Smith & Son v. Assessment Committee for Lambeth, App. questions which were discussed in Wood v. Leadbitter (7), the ticket gives a right to enter the theatre and to occupy for a certain time a seat therein; but no one would suggest that there was, in such a case, a rateable occupation of the seat so occupied.
In this case the company are careful to make the managers of these bookstalls subject to the orders of the representatives of the company, and the company does not grant to Messrs. Smith & Son any exclusive right in any particular portion of any particular station. There is then a grant of an easement, and of nothing else. argument on behalf of the rating authority therefore fails. The cases referred to are distinguishable, as in every case in which it was held there was liability the Courts held also that there was some kind of tenancy. I agree that the appeal must be dismissed.
Solicitors-Harvey, Oliver & Capron, for appellants; G. W. Barnard, for respondents.
[IN THE COURT OF APPEAL.]
1882. Nov. 3, 4, 6.
GOVERNMENT BOARD AND
Public Health Act, 1875 (38 & 39 Vict. c. 55), 88. 150, 257 and 268-Paving Streets-Apportionment of Expenses Notice of Demand of Payment-Decision of Local Authority-Appeal by Party Aggrieved-Time for Appeal-Memorial to Local Government Board-Grounds of Appeal-Prohibition.
Under section 150 of the Public Health Act, 1875, the Local Board of Penarth, on the 4th of May, 1881, gave notice to T. to pave certain streets fronting premises of which he was the owner. T. failed to comply with the notice, and thereupon the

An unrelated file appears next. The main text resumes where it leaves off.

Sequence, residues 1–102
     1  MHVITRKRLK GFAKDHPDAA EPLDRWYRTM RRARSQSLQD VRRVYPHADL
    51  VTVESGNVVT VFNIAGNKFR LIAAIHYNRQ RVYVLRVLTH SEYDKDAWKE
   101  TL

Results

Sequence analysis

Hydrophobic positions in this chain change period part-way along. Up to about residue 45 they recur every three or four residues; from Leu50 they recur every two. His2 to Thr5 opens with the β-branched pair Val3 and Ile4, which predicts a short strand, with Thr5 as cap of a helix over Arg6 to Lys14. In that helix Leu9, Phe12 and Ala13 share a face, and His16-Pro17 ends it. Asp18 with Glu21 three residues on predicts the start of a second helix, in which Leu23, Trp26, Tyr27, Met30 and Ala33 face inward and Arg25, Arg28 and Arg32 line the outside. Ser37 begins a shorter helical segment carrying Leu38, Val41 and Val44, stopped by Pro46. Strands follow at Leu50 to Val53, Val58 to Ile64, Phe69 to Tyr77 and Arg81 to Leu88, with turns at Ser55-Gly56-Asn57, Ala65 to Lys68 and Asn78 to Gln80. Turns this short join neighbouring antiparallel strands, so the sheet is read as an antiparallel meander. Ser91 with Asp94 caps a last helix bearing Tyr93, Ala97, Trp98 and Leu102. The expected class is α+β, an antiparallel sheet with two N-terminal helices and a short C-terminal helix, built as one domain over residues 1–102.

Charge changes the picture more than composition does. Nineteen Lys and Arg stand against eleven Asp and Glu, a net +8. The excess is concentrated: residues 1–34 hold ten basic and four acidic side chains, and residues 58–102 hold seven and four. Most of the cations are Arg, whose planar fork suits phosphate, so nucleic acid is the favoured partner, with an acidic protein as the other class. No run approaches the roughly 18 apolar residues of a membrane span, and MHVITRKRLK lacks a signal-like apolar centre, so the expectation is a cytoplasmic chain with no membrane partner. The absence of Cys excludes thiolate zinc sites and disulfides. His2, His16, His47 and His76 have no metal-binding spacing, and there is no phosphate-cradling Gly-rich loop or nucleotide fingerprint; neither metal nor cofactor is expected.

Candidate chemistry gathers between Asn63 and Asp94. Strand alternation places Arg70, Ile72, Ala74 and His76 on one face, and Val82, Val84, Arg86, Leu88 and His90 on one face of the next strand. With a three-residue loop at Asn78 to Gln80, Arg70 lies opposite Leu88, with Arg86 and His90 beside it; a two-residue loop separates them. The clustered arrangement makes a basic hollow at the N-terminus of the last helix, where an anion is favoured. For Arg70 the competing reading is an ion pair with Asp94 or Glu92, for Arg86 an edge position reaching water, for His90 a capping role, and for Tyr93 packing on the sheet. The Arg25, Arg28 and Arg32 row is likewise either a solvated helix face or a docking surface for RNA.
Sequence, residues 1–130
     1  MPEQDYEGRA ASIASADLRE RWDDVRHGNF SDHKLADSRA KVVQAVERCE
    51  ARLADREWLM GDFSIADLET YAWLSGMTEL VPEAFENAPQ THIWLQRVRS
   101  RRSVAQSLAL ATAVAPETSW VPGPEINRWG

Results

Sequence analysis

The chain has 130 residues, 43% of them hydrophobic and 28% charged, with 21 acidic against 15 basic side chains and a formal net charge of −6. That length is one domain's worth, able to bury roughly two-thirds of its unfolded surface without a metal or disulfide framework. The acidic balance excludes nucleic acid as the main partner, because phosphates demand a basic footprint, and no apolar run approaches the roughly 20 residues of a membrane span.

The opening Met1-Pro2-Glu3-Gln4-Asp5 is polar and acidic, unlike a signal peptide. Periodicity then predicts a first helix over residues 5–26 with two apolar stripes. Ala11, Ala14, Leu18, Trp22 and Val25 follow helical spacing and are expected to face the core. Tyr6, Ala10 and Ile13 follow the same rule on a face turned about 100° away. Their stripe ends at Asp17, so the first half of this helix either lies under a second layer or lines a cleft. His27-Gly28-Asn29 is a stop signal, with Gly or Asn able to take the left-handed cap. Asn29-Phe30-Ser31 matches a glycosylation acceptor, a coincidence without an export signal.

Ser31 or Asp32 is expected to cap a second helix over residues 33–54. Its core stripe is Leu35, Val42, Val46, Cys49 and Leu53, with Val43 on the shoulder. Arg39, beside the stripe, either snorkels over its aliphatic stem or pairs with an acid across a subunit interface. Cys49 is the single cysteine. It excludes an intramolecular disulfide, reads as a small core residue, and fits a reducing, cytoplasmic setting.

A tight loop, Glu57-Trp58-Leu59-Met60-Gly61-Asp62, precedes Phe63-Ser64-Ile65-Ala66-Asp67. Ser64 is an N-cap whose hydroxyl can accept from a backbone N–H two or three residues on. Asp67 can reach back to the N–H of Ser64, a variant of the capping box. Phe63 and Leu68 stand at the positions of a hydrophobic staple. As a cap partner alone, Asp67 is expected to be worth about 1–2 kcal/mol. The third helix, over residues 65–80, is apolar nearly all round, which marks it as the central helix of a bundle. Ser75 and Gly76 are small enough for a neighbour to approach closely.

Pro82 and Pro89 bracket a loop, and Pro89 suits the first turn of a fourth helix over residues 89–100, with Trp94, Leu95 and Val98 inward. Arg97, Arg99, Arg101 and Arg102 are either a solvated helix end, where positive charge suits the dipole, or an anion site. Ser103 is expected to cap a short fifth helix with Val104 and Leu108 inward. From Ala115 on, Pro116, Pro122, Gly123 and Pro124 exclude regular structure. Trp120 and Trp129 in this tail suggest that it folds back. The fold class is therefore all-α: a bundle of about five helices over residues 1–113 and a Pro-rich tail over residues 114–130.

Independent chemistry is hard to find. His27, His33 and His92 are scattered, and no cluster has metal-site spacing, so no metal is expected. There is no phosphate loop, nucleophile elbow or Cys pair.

(7) 13 Mee. & W. 838; 14 Law J. Rep. Exch. 161.
* Coram Baggallay. L.J., and Brett, L.J.
board executed the work. On the 21st of September notice of apportionment of the expenses payable by T. was served upon him by the surveyor to the board, and on the 20th of December, 1881, a demand of payment of the amount apportioned was made upon T. by the collector of the board. T. did not dispute the apportionment within the period of three months allowed by section 257, but within twenty-one days from the service of the demand of payment he addressed a memorial by way of appeal to the Local Government Board, in which the grounds of his complaint were stated :— Held, that the demand of payment was the only decision of the local board, within the meaning of section 268, in respect of which T. was aggrieved, and from which a memorial by way of appeal could be addressed to the Local Government Board.
Semble (per BRETT, L.J.), that prohibition will lie against the Local Government Board where they exceed the powers given to them by statute.